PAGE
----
By Nawmi Naz Chowdhury
KUALA LUMPUR, MALAYSIA, Feb 6 2024 (IPS)
Significant advances have been made in Africa towards ending female genital mutilation/cutting (FGM/C). Unfortunately, the same cannot be said for Asia, where FGM/C occurs in at least ten countries, but governments across the region are failing to take effective action. Women’s rights organizations are calling for states to introduce much-needed laws to criminalize FGM, provide national data on the extent and nature of the practice, and adequately fund efforts to tackle this regionally neglected problem.
Calls for governments in Asia to criminalize FGM/C
There remains a widely held misconception that FGM/C occurs primarily in Africa, and this low level of awareness about FGM/C in Asia is contributing to inaction.
In recent years, the UN, through its international human rights treaty bodies and other human rights mechanisms, has provided recommendations to Asian countries, such as India, Sri Lanka, Singapore, and the Maldives, to address FGM/C and pass specific laws for prohibition. Yet, nowhere in Asia has a law banning it.
At the 7th Asian and Pacific Population Conference (APPC), seven women’s rights organizations made joint recommendations to regional governments about introducing a zero-tolerance approach to FGM/C.
The APPC is a regional review mechanism that convenes every ten years to discuss critical issues of population and development in Asia and the Pacific. Held at the UN Conference Centre in Thailand on November 15–17, 2023, women’s rights activists convened a side event, Rights-Based Approaches as the Foundation to Achieving Just and Sustainable Development in Asia and the Pacific – where participants discussed harmful practices affecting women and girls, including FGM/C.
Lawmakers were advised to put in place robust legal and policy measures, and proposals were featured in the Civil Society Call to Action and the Youth Call to Action.
FGM/C is a global problem
FGM/C is a harmful practice involving the partial or total removal of external female genitalia or other injury to the female genital organs for non-medical reasons.
Internationally recognized as a grave violation of women’s and girls’ human rights, FGM/C is done with the aim of controlling and curtailing the sex drive of women and girls. It can cause a range of lifelong physical and psychological problems, including infections and severe pain, emotional trauma, sexual dysfunction, reproductive health concerns, childbirth complications, and, in some cases, death.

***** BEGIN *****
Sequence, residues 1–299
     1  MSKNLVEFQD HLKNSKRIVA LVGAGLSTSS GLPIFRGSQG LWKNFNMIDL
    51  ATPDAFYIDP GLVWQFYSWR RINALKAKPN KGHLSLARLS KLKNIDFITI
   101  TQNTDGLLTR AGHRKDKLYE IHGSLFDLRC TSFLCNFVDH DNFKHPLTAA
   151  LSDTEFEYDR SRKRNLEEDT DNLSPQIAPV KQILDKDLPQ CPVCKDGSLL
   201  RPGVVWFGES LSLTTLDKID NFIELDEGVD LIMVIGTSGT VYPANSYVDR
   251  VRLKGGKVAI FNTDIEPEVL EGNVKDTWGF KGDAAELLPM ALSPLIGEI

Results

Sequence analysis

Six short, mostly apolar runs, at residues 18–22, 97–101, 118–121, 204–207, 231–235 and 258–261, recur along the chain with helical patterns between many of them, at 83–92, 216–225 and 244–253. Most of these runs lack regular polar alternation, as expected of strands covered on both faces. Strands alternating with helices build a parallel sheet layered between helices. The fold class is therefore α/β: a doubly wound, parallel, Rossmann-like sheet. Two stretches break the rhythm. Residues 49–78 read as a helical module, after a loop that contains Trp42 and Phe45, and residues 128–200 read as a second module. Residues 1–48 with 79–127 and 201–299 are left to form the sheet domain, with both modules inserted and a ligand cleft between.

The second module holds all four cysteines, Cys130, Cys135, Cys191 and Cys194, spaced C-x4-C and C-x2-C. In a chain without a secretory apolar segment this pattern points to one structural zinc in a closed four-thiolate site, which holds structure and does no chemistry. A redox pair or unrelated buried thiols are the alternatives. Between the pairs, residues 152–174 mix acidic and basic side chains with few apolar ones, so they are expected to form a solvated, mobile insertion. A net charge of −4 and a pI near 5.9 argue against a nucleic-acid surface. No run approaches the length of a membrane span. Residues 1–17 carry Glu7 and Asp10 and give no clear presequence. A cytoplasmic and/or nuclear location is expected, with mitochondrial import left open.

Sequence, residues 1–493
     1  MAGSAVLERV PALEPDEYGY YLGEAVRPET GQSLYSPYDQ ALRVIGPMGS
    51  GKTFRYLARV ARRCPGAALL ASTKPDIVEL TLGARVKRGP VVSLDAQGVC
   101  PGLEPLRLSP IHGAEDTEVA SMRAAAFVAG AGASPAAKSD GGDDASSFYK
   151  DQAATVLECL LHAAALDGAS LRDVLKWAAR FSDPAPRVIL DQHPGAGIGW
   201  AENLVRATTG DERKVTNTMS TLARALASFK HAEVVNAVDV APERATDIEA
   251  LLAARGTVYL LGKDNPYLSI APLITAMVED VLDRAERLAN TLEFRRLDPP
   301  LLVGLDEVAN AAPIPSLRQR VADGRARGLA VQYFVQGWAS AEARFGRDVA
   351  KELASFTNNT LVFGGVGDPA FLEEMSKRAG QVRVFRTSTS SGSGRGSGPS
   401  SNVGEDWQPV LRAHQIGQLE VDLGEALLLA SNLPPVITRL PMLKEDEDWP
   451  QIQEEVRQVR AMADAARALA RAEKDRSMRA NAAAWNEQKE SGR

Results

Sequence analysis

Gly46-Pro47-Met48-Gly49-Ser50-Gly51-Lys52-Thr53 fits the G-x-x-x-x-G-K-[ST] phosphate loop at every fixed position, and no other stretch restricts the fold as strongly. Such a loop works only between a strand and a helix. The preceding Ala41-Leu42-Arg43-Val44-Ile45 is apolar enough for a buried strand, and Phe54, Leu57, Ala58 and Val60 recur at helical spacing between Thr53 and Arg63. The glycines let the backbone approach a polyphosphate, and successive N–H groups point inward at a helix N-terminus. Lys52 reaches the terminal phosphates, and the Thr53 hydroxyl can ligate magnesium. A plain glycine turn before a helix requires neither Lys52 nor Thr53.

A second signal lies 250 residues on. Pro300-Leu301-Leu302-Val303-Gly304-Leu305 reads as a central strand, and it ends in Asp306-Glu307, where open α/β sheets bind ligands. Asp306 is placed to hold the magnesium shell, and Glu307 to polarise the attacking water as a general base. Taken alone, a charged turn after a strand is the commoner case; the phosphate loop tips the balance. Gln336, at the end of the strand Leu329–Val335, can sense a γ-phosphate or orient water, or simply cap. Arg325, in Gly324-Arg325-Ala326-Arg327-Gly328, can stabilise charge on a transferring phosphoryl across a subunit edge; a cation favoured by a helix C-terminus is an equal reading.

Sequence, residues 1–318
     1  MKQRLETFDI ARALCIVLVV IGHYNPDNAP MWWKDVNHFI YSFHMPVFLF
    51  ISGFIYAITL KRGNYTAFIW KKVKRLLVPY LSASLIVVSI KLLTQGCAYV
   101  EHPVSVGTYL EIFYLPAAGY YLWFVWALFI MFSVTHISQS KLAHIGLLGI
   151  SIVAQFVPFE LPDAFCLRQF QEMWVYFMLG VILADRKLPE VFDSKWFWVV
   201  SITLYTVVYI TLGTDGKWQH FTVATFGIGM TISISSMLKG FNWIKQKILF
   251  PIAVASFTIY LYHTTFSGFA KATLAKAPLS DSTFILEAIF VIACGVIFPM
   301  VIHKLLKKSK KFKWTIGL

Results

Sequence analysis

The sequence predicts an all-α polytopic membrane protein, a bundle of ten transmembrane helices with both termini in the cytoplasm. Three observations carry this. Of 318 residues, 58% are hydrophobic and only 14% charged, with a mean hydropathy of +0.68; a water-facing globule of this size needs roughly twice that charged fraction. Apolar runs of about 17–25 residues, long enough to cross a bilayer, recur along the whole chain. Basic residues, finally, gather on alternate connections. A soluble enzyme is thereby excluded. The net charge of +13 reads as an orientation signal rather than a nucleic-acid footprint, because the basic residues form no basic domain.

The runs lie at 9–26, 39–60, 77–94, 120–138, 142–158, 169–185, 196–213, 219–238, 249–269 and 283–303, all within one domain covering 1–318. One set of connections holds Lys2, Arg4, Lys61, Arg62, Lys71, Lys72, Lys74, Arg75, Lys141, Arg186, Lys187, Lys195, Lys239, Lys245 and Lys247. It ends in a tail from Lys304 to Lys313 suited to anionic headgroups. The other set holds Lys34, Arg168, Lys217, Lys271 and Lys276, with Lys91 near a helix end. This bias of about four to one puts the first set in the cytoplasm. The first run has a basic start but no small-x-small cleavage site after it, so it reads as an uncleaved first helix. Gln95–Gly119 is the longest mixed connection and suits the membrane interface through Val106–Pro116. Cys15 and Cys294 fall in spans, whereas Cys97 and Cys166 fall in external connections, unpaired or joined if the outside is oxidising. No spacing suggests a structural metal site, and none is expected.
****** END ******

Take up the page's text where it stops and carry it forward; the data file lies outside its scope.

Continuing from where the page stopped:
An interactive data tool by the World Health Organization (WHO) revealed that, based on data from just 27 countries, the financial cost of health care for women with issues caused by FGM/C is USD $1.4 billion annually. The WHO also estimates that if FGM/C were abandoned, the savings in health costs would be more than 60% by 2050.
FGM/C is a global concern. Worldwide, the official number of women and girls undergoing FGM/C is estimated to be over 200 million. However, the true scale is far bigger. Academic and media reports, unofficial data collected by civil society organizations, and anecdotal studies based on interviews with survivors reveal that FGM/C is found in every continent except Antarctica.
Asian governments need to provide data on FGM/C
Indonesia and the Maldives are the only Asian states that share national-level FGM/C prevalence data; no official data is provided by any other Asian countries. However, academic research and survivor testimonies strongly indicate it occurs in Brunei, India, Malaysia, Pakistan, the Philippines, Singapore, Sri Lanka, and Thailand.